PERFORM: The student learns the movement/skill and works on it independently. After becoming more comfortable with this skill, they are coached to help improve their performance. In this scenario, it is important that the student can perform the most critical aspects of the skill, well. We do NOT believe perfecting said movement skill is the most important thing. However, the student needs to understand where they need to improve and how to do so. Gaining familiarity with the new movement allows the student to develop and understand the component parts of a skill.

:  It is critical that the student begins to watch others perform the skill. They also must begin to look at others with a “coach’s eye”. An understanding of how to evaluate a skill by watching it must be developed. Where do you look first, second, etc. Is the sequence optimal? Is the spine remaining neutral? What about head and shoulder position? Is that knee valgus? The point is, there’s so much to look at. You need an organized system so you can manage all this information and appropriately address movement flaws.TGU

COACH:  Here is where the rubber meets the road. The student becomes the coach. Becoming a great coach is a long and very fluid process. While there are a lot of different roads one can take to become a great movement coach, our approach is sequentially outlined below.

  • Chunking: the student needs to learn how to break down a skill into small, sequential, and usable parts. You need a good coach to help you with this one!
    • For example: how do you break down a Turkish Get-Up?
  • Cuing: Learning which verbal and tactile cues are needed to elicit the desired response is critical. It’s not just WHICH cues to use, but also WHEN to use them.  It’s also knowing when to offer guidance and when to keep your mouth shut. An overload of cues can be a significant hindrance to learning.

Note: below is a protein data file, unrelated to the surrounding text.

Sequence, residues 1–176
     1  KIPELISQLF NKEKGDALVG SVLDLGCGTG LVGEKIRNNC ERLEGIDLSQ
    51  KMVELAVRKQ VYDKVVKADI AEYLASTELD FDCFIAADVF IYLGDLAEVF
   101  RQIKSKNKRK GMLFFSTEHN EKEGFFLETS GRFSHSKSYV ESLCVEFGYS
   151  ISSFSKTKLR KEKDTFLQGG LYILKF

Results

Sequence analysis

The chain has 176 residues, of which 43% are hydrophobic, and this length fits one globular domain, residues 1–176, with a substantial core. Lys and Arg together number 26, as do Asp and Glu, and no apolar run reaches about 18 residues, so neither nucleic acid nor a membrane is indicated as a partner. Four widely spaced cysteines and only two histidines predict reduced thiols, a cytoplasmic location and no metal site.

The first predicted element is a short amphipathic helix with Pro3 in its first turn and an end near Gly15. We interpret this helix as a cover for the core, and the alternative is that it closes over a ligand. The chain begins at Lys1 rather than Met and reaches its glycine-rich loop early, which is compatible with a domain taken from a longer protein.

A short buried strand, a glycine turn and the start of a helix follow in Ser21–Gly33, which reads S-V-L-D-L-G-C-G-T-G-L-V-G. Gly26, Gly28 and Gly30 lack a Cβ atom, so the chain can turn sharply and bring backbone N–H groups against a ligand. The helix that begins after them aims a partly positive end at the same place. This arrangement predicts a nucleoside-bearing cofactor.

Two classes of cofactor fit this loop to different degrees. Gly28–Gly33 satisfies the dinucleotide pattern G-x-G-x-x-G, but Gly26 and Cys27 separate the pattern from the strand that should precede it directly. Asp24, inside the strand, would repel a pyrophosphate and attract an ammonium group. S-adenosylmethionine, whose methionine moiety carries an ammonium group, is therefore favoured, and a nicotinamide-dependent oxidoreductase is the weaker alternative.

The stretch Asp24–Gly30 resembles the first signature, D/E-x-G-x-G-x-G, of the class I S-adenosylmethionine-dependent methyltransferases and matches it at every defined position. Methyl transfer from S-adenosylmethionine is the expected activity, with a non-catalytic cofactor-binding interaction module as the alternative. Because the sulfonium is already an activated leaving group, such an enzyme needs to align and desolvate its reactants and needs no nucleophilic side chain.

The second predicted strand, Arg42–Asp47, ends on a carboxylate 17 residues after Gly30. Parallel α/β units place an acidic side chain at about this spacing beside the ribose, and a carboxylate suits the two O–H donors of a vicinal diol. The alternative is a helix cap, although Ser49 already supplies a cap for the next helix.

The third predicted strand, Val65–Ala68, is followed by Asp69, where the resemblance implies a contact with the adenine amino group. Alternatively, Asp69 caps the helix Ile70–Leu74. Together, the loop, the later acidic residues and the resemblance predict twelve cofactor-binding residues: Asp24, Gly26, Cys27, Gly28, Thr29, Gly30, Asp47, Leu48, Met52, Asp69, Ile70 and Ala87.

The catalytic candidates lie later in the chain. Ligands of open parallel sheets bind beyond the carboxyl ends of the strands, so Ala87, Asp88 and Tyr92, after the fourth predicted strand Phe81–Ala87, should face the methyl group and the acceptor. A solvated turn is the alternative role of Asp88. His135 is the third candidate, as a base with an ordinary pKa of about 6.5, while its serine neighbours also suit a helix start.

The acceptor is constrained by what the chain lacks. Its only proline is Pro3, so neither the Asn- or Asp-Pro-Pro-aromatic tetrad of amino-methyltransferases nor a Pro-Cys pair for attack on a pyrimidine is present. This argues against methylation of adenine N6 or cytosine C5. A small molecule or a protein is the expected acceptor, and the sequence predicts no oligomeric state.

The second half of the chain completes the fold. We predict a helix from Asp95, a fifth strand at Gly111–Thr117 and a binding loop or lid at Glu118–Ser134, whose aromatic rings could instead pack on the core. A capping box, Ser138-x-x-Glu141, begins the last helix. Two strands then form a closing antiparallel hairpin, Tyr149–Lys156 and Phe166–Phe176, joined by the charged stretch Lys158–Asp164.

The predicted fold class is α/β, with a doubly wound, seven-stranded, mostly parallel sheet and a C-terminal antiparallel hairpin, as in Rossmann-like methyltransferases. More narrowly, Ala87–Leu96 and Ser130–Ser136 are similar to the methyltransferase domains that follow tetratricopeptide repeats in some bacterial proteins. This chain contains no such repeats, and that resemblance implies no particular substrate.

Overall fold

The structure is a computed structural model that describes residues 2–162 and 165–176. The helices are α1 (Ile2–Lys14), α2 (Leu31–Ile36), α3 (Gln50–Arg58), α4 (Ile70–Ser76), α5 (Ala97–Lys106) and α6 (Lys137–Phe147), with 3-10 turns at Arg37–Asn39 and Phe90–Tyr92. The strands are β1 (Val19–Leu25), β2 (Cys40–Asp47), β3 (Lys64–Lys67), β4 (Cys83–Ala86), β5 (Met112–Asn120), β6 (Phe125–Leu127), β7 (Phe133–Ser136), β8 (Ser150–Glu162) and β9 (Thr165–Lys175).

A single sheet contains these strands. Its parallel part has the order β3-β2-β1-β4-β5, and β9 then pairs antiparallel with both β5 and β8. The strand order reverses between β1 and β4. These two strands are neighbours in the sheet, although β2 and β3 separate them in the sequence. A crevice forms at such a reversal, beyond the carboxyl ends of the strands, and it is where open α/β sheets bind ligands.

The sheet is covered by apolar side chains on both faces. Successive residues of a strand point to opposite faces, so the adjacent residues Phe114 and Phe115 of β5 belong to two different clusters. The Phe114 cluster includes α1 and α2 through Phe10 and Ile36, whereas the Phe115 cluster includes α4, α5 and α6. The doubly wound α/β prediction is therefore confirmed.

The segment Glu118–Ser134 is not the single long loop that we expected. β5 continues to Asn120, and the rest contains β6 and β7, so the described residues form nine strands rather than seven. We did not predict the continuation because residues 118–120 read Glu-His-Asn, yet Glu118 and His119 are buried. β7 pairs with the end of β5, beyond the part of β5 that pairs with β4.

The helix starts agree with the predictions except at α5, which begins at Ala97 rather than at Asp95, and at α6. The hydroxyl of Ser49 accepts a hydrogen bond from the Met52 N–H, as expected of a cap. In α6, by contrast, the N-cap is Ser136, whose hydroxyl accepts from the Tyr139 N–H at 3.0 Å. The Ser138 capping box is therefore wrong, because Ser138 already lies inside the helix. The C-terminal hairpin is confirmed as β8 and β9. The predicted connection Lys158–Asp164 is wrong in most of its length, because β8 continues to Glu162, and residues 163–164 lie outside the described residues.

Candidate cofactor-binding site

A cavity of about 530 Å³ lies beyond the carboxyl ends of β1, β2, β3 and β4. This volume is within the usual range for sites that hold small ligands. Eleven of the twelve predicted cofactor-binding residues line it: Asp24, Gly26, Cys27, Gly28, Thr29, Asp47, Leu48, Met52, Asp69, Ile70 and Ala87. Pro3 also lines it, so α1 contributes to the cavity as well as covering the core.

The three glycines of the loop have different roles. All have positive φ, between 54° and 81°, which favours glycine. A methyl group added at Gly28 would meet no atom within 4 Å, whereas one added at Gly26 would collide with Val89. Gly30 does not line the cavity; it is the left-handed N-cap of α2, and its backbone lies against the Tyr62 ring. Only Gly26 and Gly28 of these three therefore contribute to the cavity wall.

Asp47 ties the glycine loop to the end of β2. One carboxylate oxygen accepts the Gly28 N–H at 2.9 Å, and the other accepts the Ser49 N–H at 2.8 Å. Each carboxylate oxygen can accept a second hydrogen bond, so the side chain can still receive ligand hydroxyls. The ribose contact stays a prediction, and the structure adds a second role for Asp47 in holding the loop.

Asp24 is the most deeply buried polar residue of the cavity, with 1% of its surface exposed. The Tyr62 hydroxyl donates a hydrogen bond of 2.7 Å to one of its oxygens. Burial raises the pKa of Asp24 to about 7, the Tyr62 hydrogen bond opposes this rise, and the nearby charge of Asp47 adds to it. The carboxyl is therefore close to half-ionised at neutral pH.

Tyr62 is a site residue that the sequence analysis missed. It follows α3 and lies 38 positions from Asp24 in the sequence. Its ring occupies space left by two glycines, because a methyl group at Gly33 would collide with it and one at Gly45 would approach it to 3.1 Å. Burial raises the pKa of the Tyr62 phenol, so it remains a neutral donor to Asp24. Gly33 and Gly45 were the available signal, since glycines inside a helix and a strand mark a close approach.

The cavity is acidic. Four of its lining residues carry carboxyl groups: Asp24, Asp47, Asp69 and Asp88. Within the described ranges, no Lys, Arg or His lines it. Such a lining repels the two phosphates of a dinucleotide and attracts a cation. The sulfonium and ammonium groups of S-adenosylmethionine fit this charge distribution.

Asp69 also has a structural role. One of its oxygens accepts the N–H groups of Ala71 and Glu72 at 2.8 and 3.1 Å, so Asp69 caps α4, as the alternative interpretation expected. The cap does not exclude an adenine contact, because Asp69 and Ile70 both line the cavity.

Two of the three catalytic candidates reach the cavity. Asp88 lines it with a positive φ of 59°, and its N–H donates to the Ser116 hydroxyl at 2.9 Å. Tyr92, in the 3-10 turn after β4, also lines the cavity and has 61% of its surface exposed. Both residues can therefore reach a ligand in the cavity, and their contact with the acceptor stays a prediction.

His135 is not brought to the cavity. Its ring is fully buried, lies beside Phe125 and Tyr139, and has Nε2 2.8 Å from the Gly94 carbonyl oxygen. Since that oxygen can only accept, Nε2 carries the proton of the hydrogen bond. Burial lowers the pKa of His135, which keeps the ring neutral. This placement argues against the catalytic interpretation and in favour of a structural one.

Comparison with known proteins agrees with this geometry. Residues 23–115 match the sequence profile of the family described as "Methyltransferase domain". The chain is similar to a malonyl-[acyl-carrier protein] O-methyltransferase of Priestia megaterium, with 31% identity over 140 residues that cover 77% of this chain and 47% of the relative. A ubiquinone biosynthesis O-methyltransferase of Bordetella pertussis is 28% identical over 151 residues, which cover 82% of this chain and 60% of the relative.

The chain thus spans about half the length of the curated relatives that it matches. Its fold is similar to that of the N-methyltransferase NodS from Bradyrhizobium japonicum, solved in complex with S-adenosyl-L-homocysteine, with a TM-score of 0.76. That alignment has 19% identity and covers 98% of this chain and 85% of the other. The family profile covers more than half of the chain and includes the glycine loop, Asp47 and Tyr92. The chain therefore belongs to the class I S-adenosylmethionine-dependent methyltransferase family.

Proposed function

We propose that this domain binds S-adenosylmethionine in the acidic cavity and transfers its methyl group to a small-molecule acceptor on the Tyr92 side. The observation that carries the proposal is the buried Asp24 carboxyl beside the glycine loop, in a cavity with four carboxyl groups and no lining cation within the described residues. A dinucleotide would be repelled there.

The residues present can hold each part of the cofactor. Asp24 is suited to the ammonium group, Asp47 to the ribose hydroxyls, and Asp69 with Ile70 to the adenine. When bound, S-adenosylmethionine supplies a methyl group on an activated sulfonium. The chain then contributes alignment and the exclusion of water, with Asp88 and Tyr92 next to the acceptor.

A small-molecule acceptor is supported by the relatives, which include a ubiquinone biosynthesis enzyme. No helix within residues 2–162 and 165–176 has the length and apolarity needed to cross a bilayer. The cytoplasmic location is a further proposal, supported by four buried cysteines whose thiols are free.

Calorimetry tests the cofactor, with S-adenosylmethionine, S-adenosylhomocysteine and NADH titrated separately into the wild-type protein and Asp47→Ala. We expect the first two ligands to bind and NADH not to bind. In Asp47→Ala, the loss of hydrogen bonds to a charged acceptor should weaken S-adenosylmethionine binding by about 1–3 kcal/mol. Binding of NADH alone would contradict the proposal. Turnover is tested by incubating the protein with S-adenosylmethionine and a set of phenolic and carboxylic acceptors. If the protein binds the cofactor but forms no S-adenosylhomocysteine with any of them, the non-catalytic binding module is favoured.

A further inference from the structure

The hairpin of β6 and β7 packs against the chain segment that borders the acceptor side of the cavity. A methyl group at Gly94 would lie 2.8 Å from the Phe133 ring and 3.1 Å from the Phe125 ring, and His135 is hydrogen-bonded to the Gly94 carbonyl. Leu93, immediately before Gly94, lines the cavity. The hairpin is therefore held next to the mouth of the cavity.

• Coaching Drills: In life and movement things go wrong. A lot. Implementing proper drills are something we think separates a good coach and great coach. The majority of our schooling in the field (college or certification preparation) focuses on how to teach skills and assumes everything will go well when you follow a given format. This usually doesn’t work. When a movement issue arises, how do you remedy this flaw? If cuing didn’t work, we think the answer is coaching drills, or as we always say “drills that enhance skills”. In this scenario, a coach must be able to identify a movement issue and then have a series of coaching drills they can implement in order to “fix” the issue.
    • For example: If a client is having difficulty maintaining a neutral spine and getting tight at the top of a kettlebell swing, we like to add different bracing drills to improve the skill.

The moral of the story is don’t be the 24 year old me. It’s ok that you don’t know everything. Embrace it and do all you can to continue learning. Be open to learning new ways of evaluation and coaching movement you are already using in your training and with your clients. If you don’t you will eventually miss a nugget that might have helped you.
Our perform, evaluate, coach method of making great movement coaches is used in every one of our 8 seminars. Check out our offerings at and keep learning!


The article was written by Joe Chaitkin of Fit EDU.